Sri Lanka Independence: 72 Years – By Ajith Wickramaratne

 

 

Sri Lanka Independence: 72 Years – By Ajith Wickramaratne

Source: Dæhæna – Monthly e-Newsletter

Sri Lanka achieved the independence when the Dominion of Cey-lon was proclaimed on 4 February 1948.
4th February this year marks the 72nd anniversary of independence. It will be celebrated all over the country with flag-hoisting ceremo-nies, parades and cultural performances. The main celebration will take place at the Independent Square, under the patronage of the President under the theme ‘A Secured Nation – A Prosperous Country’. Independence Day is a day of reflection for Sri Lankans.

Sri Lanka Independence

The post independent governance initially commenced with a West-minster type of Parliamentary Government in the form of a dominion under the British Com-monwealth with Queen Elizabeth II as the head of State. In 1972, while retaining the Westminster type of Parliamentary structure, a republican constitution came in to play with an appointed ceremo-nial President as the head of State. Since then, Ceylon is referred to as ‘Sri Lanka’. In 1978, that governing structure was replaced by a Presidential system, headed by a democratically elected President. Sri Lanka continues to be a member of the Commonwealth.

The achievements made in the post-colonial period, particularly in social and health areas, are significant, as reflected when parameters of late 1940’s are compared with present. Life expectation of 42 years then is 77 years now. The literacy rate of women has in-creased from 44% to 91%. In 1946, houses with thatched roofs formed 68% of the rural & estate sector and this has now reduced to around 5%. On the economic front, the GDP per capita had increased significantly since then and the World Bank now classifies Sri Lanka as an upper middle-income country.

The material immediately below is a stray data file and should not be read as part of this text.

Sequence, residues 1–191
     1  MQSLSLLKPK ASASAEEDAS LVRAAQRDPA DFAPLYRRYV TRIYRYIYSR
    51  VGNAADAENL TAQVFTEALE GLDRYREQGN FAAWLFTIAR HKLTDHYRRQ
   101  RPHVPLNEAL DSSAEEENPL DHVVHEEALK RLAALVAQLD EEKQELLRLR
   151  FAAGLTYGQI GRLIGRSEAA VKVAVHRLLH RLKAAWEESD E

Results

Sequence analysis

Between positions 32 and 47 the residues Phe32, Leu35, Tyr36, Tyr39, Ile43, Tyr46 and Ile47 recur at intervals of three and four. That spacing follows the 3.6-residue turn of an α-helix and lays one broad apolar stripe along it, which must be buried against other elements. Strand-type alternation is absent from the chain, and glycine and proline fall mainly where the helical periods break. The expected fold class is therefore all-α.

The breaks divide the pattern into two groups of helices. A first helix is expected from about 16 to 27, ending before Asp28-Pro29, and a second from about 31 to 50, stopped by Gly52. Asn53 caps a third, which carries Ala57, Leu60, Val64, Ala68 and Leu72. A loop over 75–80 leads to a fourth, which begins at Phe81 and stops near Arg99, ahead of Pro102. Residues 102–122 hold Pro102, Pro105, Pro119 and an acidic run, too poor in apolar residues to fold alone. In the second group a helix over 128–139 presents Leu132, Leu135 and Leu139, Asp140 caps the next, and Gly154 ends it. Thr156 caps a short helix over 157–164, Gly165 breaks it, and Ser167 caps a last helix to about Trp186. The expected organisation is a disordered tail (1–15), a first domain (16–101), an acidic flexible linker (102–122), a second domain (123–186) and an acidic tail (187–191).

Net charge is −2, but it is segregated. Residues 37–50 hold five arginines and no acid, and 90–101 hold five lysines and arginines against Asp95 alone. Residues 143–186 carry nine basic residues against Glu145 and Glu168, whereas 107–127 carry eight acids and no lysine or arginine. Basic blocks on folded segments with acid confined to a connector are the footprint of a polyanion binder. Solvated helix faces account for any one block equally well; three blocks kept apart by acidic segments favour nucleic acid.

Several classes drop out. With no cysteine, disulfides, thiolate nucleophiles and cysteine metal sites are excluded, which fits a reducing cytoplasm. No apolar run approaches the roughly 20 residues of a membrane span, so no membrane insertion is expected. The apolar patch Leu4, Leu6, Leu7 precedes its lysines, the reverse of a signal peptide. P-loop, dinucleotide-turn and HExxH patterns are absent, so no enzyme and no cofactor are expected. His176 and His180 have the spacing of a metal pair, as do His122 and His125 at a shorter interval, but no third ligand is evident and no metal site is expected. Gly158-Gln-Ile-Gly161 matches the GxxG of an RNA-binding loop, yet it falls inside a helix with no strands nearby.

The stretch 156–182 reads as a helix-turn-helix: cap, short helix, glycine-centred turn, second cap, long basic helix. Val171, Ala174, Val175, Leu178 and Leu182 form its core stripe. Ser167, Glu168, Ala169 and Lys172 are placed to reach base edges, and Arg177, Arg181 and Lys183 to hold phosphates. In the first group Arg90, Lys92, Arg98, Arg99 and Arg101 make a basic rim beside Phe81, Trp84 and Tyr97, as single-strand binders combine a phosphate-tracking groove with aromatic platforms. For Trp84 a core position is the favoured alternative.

However, in the past 72 years, certain adverse factors have emerged as well. For example, Sri Lanka’s terms of trade had deteriorated (374 to 107), foreign exchange reserves in terms of months of im-ports had gone down (11 months to 3.7 months) and the sovereign debt to GDP had risen substantially (3.2% in 1960 to 83%). In 1950’s, Sri Lanka was identified as one of the most developed countries in Asia. For example, Sri Lanka’s GNP per capita in 1960 was substantially higher than Thailand and Malaysia and on par with South Korea. Apparently, at that time Ceylon was considered as the ‘Best bet in Asia’. Sri Lanka’s inability to enhance production and productivity levels with the use of technology and other means, inability to grab trade opportunities, youth uprising in the south and the 30 year war may have been some out of many reasons at-tributable to our failure for not reaching this milestone.
Let’s hope that present and future leaders can get all groups and fractions together and lead our motherland to great heights.

Ajith Wickramaratne

 

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